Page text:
This all leads up to the standout moments in C.A.M, the action scenes. These are few and far between but they were a real joy to watch. Gunfire is done via CG but it looked good, there was one scene where infected lit in shadows are assaulting a building, this also appeared to be CG but was much better quality than you may expect, had me fooled for a moment or two. These parts are where the found footage worked really well, such as a camera falling to the floor on its side, showing random legs running past the field of view, and random gunfire bursting out in the background. As to the infected themselves, they look fine, nothing special outside of some milky white contact lenses. There isn't too much blood but it looked decent enough. The flipside of these sudden outbursts of violence is the downtime that pervades the second act. The first act had my attention as I was never sure what was going on. Right about the middle things began to drag slightly with a lot of characters hanging around not doing too much. Things do pick up for the third act, it all ends nicely...then carries on past when it really should have finished. First there is an overlong series of random real life quotes, everyone from Prince Philip to biblical verses and even Nicolas Cage gets quoted. Again I expected this to close off the movie, but then we get a third ending in which the mockumentary aspect is closed. Then there is yet another ending on top of this, this one having some interesting ideas but let down by some poor looking CG. With each subsequent false finish I found myself getting more and more impatient for the actual credits.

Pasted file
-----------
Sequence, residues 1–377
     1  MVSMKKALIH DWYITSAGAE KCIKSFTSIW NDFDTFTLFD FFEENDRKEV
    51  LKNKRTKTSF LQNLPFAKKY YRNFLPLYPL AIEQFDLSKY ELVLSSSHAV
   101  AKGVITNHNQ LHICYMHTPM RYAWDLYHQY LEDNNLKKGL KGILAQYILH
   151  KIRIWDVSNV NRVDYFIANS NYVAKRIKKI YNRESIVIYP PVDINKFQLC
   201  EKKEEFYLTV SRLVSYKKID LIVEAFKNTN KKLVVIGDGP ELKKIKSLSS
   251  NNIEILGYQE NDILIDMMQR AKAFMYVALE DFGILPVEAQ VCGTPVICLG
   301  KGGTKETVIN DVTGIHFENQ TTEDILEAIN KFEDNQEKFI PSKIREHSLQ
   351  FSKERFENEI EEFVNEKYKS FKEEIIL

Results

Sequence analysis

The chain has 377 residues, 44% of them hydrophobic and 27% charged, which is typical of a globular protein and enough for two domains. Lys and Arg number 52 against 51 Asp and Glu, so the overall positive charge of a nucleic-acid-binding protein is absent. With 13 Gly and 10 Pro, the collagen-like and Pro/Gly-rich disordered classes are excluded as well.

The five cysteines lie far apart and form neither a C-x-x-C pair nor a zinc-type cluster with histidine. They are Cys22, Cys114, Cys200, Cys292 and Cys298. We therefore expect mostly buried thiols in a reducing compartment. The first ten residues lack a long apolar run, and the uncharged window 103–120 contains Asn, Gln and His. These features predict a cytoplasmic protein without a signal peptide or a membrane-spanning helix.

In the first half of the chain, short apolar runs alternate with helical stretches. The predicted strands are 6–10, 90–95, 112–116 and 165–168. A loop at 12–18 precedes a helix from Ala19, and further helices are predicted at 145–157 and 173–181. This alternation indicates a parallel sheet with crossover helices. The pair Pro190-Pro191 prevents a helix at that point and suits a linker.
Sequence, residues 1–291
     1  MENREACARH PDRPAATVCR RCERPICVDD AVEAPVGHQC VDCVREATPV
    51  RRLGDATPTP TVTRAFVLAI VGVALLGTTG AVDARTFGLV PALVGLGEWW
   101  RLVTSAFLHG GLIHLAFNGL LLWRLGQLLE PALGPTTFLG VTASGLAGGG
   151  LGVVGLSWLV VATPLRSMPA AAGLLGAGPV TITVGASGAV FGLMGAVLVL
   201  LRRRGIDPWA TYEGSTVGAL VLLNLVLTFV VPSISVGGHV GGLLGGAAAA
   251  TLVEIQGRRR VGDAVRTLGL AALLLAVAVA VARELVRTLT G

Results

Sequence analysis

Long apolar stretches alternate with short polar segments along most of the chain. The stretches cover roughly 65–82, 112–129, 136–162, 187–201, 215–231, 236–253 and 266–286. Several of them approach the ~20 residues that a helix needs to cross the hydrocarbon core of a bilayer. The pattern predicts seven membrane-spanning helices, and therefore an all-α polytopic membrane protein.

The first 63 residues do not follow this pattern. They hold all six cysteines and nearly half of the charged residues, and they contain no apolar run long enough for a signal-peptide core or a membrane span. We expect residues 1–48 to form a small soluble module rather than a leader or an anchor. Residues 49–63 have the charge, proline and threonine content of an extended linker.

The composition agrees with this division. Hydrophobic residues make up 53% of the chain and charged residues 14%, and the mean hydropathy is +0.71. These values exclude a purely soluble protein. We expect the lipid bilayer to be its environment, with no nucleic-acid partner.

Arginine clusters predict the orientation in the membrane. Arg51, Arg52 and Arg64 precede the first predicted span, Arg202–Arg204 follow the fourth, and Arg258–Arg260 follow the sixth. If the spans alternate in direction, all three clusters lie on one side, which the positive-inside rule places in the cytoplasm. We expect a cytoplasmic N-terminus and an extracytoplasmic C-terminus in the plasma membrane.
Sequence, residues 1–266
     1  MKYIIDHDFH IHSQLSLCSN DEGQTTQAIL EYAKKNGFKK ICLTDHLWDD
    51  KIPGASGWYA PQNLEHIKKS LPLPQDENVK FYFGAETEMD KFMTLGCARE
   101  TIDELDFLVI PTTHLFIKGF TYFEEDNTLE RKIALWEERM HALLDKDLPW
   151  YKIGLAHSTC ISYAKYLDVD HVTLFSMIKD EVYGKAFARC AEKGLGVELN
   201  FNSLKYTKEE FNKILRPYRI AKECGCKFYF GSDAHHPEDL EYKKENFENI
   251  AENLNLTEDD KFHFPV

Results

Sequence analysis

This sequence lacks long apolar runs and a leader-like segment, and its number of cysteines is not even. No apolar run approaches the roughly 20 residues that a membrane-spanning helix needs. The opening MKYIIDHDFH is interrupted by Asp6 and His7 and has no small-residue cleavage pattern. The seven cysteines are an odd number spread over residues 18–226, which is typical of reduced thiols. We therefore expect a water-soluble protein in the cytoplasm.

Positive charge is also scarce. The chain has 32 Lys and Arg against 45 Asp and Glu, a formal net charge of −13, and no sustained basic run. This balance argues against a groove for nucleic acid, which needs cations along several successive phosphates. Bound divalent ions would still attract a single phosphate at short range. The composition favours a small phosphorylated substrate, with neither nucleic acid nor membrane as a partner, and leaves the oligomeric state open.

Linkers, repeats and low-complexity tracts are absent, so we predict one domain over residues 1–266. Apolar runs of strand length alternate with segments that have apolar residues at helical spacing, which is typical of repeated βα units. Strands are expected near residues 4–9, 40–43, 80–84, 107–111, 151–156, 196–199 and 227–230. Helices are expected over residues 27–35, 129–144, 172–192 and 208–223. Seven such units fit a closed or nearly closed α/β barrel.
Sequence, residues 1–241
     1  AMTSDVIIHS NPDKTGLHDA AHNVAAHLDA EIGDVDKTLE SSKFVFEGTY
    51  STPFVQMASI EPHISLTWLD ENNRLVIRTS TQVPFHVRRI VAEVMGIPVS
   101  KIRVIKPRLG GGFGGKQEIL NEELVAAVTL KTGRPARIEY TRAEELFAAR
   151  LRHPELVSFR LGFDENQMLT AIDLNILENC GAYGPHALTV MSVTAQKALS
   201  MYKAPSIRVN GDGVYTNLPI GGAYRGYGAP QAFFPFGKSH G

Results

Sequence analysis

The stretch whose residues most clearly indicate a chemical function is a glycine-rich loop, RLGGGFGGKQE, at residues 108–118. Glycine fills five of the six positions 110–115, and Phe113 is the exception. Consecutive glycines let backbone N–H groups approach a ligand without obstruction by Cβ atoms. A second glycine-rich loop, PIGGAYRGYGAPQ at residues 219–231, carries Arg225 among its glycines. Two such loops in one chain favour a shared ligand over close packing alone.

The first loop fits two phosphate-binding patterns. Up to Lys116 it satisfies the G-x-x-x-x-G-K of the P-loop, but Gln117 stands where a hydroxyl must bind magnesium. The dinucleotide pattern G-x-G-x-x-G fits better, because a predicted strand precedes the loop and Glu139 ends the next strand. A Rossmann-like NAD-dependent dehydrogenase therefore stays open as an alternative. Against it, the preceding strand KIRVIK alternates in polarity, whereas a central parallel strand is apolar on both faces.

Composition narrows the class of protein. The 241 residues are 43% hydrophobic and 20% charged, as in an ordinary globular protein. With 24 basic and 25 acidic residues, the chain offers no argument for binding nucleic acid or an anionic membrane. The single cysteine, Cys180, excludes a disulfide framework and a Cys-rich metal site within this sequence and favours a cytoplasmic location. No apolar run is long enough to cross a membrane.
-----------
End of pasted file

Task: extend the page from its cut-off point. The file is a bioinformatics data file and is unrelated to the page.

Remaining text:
Like all good found footage films we are told that the events recorded actually happened. The wraparound segment consisting of the documentary was a good way to tie it all together, and that actually explains away some of the smaller issues. The too many quotes part for instance can be said to be a fault of the creator of the documentary rather than the real life creators, that can also explain away the music choices. I loved that C.A.M had a proper soundtrack, it added a lot of atmosphere and excitement and fitted due to the documentary the found footage was presented within. I do wish one certain track had not been used as much as it became a bit dull and generic sounding due to overuse by the end. The acting is a style that didn't feel realistic. That isn't to say it was bad, more that it would be very unlikely anyone would have confused this for real life footage. I enjoyed the acting personally, it gave a lot of life to the characters in the film world.

While there were parts of the film I didn't like, my overall lasting impression of C.A.M was positive. The majority of the characters I enjoyed watching, the biggest issue for me was the outdated shaky camera footage. Other parts really did work well. I loved that the film was said to be degraded in areas, leading to distorted audio and subtitles for various scenes, never overused thankfully. The few attempts at jump scares fell flat, but the decent action scenes made up for this. Zombie films are always going to have a place in my heart, so was a lot to enjoy here.